Water flow sensor calibration


#1

I’m a new Rachio user and I installed a CST FSI-T10 water flow sensor in my main irrigation line to detect possible leaks but also to measure irrigation water consumption.

After some initial tests comparing the CST measurements reported on the Rachio App against the city water meter, by running the sprinklers for a few minutes, I noticed that the flow sensor consistently overestimated the consumption by 10-15%.

Last month I was traveling for about 3 weeks, and I wrote down the exact numbers right before I left and immediately after I returned, since the only water usage during that time was my irrigation system.

The city meter showed a water consumption of 3601 gallons, whereas the the Rachio app showed 4056 gallons.

That gives me an exact number of how much off is the flow sensor measurement compared to the city meter: 4056/3601 = 1.126 or 12.6% overestimation.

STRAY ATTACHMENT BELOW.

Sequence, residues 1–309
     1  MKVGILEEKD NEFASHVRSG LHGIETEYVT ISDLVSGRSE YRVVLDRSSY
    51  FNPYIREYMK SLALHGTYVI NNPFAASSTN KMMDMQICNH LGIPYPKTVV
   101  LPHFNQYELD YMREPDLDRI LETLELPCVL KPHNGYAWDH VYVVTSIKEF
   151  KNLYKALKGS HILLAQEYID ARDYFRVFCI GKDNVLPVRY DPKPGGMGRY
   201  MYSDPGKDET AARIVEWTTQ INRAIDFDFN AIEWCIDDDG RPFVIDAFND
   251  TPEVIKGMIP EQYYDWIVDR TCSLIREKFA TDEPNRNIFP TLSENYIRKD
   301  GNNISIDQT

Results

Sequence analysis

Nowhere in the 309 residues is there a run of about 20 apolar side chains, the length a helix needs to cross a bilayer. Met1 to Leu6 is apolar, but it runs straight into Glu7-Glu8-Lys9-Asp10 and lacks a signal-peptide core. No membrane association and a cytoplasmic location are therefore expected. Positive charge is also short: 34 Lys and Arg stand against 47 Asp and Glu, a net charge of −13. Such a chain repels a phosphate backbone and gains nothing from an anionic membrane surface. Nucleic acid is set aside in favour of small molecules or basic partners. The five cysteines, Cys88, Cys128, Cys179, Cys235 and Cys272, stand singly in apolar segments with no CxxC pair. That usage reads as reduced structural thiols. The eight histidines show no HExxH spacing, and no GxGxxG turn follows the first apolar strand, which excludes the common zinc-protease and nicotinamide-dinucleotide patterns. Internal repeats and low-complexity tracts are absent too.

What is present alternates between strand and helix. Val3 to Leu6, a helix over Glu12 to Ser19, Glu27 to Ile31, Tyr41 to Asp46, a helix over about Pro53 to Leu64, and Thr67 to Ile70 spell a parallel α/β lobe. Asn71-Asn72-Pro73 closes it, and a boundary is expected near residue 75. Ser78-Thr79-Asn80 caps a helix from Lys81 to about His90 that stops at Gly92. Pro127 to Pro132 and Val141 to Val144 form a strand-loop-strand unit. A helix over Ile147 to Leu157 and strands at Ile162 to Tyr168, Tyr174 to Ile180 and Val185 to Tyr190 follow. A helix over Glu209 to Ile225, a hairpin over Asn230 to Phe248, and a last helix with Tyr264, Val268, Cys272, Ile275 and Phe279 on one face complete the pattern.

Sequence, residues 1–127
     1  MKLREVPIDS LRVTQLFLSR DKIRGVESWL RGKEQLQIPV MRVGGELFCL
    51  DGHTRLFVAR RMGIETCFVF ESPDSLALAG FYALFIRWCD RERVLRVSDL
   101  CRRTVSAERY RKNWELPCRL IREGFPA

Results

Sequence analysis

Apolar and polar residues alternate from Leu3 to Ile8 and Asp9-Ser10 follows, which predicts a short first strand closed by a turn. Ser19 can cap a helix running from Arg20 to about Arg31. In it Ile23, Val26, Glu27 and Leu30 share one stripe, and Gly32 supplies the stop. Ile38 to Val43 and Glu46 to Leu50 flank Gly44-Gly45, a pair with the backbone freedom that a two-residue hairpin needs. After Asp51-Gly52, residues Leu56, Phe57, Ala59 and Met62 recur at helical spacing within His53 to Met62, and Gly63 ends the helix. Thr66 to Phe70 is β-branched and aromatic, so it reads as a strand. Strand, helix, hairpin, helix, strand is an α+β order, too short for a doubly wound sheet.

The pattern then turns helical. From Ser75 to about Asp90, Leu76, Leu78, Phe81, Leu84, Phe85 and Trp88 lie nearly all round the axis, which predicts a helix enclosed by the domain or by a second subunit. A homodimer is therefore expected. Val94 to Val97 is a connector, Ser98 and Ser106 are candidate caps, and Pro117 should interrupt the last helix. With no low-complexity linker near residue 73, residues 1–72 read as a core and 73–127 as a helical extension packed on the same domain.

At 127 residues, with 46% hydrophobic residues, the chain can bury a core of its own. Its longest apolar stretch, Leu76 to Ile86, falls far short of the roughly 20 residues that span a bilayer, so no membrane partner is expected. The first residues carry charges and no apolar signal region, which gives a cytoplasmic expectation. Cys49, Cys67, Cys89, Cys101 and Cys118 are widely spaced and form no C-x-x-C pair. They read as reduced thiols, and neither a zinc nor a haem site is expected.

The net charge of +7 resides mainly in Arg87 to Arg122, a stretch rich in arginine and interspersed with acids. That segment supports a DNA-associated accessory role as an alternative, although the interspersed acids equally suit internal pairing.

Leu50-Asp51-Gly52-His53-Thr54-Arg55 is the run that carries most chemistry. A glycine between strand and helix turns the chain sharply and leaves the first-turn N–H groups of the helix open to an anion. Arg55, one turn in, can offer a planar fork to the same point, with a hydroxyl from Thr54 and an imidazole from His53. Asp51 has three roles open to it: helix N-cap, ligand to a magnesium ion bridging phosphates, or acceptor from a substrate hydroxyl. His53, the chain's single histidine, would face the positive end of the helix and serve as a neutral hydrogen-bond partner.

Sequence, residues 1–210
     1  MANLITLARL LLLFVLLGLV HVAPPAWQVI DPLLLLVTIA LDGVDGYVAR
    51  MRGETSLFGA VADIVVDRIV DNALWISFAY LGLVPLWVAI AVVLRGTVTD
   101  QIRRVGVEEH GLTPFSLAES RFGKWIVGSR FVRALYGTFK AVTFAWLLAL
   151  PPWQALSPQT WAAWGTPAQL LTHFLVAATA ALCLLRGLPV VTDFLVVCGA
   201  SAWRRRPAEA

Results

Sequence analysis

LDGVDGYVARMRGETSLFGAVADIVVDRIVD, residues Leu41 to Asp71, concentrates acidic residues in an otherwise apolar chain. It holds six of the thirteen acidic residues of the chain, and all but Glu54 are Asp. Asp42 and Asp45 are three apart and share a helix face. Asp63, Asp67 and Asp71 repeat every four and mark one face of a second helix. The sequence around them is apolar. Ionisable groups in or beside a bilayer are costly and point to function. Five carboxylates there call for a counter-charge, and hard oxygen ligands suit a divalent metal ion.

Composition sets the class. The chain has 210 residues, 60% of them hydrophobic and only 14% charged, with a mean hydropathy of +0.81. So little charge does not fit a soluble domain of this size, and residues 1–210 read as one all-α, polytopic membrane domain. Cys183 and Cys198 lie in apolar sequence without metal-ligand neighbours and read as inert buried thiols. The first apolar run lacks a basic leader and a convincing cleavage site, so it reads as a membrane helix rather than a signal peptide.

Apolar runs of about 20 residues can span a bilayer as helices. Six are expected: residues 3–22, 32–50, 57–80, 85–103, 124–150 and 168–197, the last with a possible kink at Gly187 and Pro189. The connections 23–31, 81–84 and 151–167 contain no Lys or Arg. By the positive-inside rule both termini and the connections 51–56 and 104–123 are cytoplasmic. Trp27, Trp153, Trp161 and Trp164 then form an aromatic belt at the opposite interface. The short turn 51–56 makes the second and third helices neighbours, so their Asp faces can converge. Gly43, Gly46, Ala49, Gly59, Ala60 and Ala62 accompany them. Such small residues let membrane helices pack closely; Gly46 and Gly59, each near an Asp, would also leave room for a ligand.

My question: How can I calibrate my Rachio controller to measure the correct consumption based on that information?

The Rachio app does provide an option to calibrate the controller but there should be a way to do that programmatically.

I would appreciate your help!

P.S. I have tested the wires for possible short-circuits using a multimeter and they seem clean.


#2

As municipal water meters age, they tend to under-report consumption.


#3

Hey @vmetsis-

There is currently no way to do this via our software. Have you perhaps contacted your flow sensor provider to see if there is any calibration that can be done with the hardware? Just an idea!

McKynzee :rachio:


#4